McMinnville officials are considering a measure to repeal an ordinance they just passed that established procedures for greater public notice.
Finance Committee members Ken Smith, chairman, Mike Neal and Ben Newman will be considering doing away with the ordinance Tuesday at 6:30 p.m.
Under the policy, the public gets at least seven days public notice of committee and full city board meetings, including the proposed agenda of each. The policy also puts restrictions on when actions from committee can be taken to the full board for consideration.
At the time the ordinance was accepted by the city board June 25, Vice Mayor Ben Newman predicted difficult times with adherence.
“The purpose of this is to help the citizens of McMinnville get public notice better than they were before,” Newman said. “We are going to try to stick to this as best we can. There may be instances where we find it difficult, but in the long run, it’s in the public’s best interest.”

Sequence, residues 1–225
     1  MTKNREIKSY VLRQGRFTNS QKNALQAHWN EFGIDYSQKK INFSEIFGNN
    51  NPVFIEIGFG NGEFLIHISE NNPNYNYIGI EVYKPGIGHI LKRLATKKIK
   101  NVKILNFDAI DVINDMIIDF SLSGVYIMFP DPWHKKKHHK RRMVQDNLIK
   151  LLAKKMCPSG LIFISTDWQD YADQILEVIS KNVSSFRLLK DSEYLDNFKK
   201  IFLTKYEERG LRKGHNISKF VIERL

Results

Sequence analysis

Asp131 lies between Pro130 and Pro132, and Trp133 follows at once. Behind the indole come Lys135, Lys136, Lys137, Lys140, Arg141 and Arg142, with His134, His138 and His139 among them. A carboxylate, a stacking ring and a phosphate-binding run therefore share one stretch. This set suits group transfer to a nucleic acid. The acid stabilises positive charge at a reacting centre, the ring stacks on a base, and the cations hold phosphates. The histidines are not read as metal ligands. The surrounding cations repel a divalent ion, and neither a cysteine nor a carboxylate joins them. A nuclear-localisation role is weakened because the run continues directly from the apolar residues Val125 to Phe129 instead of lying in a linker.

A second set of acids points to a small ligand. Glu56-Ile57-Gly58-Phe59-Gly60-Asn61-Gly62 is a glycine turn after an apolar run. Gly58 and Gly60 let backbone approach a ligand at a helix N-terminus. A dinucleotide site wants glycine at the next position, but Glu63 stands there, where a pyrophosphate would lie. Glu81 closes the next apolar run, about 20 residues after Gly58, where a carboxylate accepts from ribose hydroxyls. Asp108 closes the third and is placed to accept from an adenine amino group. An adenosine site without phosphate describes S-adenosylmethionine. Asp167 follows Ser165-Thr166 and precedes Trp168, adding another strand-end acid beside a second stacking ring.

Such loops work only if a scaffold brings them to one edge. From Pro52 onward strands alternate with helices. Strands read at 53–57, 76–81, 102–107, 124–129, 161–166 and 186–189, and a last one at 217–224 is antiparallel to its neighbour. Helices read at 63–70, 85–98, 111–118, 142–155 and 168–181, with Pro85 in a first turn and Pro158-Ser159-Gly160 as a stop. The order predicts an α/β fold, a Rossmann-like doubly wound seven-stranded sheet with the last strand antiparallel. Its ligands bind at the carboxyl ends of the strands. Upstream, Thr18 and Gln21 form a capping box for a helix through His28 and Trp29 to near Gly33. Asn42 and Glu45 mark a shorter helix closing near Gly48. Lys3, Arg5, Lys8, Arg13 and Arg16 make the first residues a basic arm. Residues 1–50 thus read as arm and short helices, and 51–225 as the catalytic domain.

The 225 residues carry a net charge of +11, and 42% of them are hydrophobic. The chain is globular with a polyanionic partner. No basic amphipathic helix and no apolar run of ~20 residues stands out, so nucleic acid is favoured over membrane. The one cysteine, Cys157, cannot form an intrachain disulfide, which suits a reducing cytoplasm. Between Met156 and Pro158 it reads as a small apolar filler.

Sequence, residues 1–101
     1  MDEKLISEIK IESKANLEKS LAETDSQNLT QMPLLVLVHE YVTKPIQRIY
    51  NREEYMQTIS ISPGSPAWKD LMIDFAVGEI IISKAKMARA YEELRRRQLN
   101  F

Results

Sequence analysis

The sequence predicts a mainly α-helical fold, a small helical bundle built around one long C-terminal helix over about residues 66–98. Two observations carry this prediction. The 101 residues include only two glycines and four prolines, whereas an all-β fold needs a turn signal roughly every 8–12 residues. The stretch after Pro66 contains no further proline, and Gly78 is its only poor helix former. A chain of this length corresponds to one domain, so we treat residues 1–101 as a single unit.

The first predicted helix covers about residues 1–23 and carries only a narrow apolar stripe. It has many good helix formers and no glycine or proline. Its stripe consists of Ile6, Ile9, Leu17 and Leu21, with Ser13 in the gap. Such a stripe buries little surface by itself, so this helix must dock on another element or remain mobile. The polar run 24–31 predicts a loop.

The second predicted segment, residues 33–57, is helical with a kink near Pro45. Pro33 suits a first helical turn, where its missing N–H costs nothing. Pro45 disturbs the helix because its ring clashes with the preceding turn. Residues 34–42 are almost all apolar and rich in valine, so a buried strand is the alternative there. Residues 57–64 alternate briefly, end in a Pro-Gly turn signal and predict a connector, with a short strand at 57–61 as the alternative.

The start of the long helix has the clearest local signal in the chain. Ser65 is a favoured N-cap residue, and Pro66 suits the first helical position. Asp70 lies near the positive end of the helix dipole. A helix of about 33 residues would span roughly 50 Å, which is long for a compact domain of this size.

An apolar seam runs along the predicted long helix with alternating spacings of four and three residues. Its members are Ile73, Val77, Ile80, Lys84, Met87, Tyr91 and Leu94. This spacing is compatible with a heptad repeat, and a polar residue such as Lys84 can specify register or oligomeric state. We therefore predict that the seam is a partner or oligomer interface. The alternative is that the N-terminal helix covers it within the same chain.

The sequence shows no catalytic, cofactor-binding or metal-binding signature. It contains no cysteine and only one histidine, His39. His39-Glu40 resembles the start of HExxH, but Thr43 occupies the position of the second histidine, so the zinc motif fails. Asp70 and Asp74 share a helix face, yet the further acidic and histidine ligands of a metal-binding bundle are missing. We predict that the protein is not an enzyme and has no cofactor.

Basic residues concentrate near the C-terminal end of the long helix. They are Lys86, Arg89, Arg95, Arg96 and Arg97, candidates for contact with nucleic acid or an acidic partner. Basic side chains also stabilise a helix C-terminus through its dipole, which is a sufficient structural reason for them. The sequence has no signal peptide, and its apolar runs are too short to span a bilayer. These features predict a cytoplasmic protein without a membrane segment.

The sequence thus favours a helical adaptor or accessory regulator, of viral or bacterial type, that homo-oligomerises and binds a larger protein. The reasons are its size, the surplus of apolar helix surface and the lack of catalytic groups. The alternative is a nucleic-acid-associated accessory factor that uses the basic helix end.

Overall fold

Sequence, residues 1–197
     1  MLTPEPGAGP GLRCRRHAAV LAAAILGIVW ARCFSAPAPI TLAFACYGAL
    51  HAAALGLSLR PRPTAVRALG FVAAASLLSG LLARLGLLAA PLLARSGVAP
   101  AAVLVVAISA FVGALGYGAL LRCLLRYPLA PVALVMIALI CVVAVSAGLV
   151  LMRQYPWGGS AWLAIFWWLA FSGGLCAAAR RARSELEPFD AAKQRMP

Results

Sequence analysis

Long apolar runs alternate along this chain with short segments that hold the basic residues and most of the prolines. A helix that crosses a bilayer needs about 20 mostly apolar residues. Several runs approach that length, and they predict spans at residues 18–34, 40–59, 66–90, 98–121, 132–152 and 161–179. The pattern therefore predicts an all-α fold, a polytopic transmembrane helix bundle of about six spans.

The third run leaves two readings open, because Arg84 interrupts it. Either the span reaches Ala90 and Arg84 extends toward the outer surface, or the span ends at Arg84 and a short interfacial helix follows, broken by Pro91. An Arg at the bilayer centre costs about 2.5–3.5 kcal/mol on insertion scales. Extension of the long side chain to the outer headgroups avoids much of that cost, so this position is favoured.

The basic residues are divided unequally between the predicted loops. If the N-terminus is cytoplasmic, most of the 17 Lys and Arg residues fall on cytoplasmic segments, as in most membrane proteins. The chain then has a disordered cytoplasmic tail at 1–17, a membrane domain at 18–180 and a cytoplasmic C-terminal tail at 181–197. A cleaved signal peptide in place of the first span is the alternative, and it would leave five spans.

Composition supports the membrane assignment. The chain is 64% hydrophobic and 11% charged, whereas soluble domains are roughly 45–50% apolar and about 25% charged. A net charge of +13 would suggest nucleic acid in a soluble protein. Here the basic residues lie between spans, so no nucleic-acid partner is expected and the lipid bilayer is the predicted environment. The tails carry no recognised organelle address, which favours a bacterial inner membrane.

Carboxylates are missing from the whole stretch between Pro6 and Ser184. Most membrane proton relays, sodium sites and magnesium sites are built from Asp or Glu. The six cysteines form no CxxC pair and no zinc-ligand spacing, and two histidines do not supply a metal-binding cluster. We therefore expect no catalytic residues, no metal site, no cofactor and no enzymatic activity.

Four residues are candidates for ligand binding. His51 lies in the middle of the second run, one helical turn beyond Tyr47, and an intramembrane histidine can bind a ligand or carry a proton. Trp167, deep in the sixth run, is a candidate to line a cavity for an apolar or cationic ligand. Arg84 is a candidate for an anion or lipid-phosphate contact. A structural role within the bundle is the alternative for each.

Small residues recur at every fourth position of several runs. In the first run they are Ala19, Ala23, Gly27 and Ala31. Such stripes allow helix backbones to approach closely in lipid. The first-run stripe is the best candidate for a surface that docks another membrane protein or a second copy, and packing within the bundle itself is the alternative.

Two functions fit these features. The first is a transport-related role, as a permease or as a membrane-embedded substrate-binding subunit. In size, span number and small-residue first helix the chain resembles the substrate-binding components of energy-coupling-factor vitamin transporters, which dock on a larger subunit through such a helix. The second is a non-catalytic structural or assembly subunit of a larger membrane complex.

Newman went on to suggest changes be made if the new rules are found to be too restrictive.
“We can amend this down the road if we find it too difficult or that we cannot conduct business in an effective and efficient manner,” Newman said. “I think we need to keep in mind this is something new that we are trying and we are going to try and do the best we can with it.”
The policy has been under scrutiny by officials more than once since that time. Recently, during the full board meeting Sept. 24, Alderman Mike Neal informed the board he felt the special called sessions on Oct. 1 and Oct. 3 violated the policy.
“The purposed of the two-week notice is to give our constituents time to have input and talk to use about this stuff,” he said. “If we rush these things, it does not give them time to do that.”
Alderman Ken Smith said the items on the agenda, such as pool resurfacing, paving, and the removal of the Blue Building’s auditorium and gymnasium, had time constraints attached to them and required swift action.
Prompting a Finance Committee meeting was a recommendation by Aldermen Billy Wood and Rick Barnes to abolish the policy.